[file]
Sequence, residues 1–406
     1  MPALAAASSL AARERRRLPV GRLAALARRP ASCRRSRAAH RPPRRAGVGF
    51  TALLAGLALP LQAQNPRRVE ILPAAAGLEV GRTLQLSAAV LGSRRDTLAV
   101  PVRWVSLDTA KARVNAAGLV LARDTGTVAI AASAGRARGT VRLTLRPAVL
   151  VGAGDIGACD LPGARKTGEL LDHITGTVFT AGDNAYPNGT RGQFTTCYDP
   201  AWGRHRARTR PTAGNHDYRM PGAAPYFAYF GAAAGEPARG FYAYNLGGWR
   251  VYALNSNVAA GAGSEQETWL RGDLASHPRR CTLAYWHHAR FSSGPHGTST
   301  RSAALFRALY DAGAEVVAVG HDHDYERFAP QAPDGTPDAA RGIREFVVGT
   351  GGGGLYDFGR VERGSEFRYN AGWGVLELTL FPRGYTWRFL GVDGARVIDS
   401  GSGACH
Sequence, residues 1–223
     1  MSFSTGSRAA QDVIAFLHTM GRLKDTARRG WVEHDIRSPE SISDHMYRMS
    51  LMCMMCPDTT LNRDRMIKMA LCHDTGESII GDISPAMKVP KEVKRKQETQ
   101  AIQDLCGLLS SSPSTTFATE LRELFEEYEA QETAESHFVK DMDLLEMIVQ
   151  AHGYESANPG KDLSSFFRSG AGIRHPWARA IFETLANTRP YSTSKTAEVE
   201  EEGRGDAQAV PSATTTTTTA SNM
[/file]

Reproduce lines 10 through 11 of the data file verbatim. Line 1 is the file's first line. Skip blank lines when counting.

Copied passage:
   401  GSGACH
Sequence, residues 1–223